In 1948 Choir registrar Richard Williams died under the saddest of circumstances. He worshipped at Salem, Cwmparc, and after the minister and choir president finished their graveside eulogies, John Haydn stepped forward and read the final chorus of Nidaros:
The dawn is not distant, nor is the night starless
Christ is Eternal, God is still God
And his faith shall not fail us
Chris is Eterna
The Choir moved into their musical tribute and that moment on a mountainside graveyard in Treorchy remains eternal. The sound of collective emotion and controlled passion in song became overwhelming. Treorchy had waited for generations of musical hope – as a community it had deserved it.
Competition was incredibly important to the Treorchy & District Male Voice Choir (later renamed Treorchy Male Choir in 1953) of the day, remembering that the eisteddfod had long since been recognised as the testing ground of Welsh choirs. The maestro eloquently wrote in Excelsior, “Our object is not to gain a prize or to defeat a rival, but to pace one another on the road to excellence.” He was determined that his Choir would not fall foul to the dreaded “Cythraul y Canu” between choirs and was often the first on stage to congratulate the conductor of a winning choir – although compared to Treorchy’s incredible record of victory, there was no need for him to undertake this duty on a regular basis!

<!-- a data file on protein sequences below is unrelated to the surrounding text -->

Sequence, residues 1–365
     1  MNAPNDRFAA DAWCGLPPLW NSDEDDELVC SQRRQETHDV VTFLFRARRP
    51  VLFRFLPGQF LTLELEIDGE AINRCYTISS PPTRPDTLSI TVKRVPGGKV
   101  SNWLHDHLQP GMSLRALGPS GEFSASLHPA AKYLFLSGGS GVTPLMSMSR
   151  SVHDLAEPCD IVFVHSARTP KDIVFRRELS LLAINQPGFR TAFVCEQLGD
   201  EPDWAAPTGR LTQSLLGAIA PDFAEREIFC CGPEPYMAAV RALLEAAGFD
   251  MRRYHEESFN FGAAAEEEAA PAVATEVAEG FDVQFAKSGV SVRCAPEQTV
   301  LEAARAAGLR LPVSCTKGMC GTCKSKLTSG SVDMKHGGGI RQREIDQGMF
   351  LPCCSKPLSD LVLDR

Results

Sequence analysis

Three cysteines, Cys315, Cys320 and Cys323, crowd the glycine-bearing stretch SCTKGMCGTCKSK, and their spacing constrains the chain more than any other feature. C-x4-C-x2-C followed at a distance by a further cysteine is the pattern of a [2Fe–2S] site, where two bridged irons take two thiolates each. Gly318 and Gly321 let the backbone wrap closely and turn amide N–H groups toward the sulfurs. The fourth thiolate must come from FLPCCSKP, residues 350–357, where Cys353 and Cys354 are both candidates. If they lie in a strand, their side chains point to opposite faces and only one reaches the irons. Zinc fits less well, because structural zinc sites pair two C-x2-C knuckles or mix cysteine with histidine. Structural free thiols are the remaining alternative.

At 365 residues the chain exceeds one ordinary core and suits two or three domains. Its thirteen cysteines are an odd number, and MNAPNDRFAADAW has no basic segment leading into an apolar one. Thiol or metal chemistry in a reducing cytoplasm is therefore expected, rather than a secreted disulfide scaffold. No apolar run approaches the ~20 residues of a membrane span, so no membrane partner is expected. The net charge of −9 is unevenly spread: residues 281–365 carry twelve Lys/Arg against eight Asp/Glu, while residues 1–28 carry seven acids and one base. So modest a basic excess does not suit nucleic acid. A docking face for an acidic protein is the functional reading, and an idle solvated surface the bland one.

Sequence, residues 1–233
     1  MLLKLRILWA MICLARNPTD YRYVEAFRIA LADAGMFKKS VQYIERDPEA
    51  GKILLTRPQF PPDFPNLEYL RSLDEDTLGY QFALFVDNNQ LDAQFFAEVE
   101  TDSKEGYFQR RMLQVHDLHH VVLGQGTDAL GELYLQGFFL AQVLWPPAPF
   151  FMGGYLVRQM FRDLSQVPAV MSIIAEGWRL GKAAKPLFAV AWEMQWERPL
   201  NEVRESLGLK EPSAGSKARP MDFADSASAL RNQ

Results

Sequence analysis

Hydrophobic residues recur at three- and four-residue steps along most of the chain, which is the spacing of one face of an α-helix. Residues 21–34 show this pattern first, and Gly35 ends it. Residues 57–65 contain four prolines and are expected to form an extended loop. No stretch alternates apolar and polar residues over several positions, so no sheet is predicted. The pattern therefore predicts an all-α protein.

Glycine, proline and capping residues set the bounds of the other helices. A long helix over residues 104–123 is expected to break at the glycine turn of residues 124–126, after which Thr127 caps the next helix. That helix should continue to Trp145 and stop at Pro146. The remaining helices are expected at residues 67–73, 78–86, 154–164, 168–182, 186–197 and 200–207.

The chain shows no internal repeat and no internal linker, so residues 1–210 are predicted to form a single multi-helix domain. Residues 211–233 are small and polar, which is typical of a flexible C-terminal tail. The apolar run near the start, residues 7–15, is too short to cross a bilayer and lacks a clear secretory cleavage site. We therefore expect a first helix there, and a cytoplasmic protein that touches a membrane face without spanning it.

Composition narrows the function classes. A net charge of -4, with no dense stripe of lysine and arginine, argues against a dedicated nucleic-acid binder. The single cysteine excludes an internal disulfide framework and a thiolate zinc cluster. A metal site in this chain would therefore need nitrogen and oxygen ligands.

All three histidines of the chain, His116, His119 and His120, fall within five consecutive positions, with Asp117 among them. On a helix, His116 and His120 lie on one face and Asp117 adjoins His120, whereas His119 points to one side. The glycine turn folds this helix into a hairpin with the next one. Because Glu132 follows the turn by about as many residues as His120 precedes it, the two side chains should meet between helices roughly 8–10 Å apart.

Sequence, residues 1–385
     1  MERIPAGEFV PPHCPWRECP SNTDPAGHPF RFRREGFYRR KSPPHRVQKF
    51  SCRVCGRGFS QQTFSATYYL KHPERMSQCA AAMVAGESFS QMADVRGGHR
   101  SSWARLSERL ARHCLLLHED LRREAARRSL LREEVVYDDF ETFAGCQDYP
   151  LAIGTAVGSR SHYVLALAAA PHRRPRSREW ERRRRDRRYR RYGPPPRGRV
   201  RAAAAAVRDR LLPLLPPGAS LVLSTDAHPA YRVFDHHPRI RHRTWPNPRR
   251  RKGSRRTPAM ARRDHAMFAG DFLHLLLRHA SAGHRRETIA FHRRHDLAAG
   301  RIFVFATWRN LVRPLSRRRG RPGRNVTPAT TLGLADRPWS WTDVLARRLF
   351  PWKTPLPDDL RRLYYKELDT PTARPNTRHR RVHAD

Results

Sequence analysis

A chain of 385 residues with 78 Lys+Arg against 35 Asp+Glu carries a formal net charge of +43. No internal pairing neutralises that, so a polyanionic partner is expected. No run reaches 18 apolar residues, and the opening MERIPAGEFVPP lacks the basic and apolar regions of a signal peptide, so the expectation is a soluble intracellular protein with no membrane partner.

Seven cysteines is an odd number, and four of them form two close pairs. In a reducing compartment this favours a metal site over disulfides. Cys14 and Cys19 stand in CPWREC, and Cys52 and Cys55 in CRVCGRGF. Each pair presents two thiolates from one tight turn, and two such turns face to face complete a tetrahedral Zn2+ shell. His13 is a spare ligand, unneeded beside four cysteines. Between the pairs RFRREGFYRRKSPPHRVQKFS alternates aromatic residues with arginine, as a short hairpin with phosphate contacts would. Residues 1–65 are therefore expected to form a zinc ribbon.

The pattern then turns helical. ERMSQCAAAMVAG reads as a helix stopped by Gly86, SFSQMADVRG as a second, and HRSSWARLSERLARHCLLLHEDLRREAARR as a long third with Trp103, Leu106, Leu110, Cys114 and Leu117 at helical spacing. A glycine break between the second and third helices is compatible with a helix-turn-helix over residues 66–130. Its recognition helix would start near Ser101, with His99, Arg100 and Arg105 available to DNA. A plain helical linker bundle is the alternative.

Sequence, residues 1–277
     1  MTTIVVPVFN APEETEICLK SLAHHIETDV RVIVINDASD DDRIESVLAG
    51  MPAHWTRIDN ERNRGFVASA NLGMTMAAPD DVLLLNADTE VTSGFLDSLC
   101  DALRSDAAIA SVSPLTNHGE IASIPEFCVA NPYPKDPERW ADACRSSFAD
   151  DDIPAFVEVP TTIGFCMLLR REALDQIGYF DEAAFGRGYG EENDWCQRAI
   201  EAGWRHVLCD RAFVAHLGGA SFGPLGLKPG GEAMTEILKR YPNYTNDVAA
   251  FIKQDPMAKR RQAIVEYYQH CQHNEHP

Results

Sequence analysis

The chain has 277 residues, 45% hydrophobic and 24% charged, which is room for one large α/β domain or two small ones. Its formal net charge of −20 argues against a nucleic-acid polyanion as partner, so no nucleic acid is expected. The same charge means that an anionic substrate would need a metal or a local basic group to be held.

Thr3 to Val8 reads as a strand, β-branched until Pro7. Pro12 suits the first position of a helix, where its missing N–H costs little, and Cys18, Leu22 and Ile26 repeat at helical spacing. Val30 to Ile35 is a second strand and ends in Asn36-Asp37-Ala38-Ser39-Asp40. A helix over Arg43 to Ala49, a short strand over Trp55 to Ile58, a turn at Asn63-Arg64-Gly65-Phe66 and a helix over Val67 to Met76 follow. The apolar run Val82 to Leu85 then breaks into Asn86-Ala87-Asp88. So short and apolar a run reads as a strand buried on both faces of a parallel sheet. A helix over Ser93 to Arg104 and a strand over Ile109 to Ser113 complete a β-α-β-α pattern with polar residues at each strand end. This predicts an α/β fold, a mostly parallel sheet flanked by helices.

They first competed at the Parc & Dare Whitsun Eisteddfod in May 1948 with a staggering 157 choristers on stage to perform Daniel Protheroe’s "Nidaros". It was the first and only time that the choir came second to neighbouring Pendyrus. The first victory at competition level was in Llanharan in 1948 for another performance of "Nidaros" and the success was repeated three months later in Pontllanfraith with Douglas Robinson the Chorus Master of the Royal Opera Chorus in Covent Garden as the adjudicator. It was quite an achievement for an organisation that had been established less than two years – and what a remarkably exciting time for those original choristers. It is hard for us today to imagine what those early days must have been like, how full of enthusiasm everyone was to succeed, how intense a competition must have been and how determined they all were to become a major force in the male voice choral arena. In 1949 they won the eisteddfodau of Treorchy and Llanharan which took place within a few weeks of one another.
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The first visit to a National Eisteddfod since the reformation was to Dolgellau on August 6th, 1949 where the test pieces were "Mordaith Cariad", "Full Fathom Five" and "Tiger Tiger". In true tradition, all competition items were performed for the general public with a fundraising eisteddfod concert held in Ramah Chapel on July 24th.
It was a regular occurrence for the Choir to allow the public an insight into the work they were about to perform before the adjudicators. However, the final rehearsal prior to an eisteddfod was always a closed event and visitors were turned away from the rehearsal room.
A host of logistical problems were faced by the secretary as he prepared for the Dolgellau visit. It was decided that the number of choristers and supporters would not exceed 300.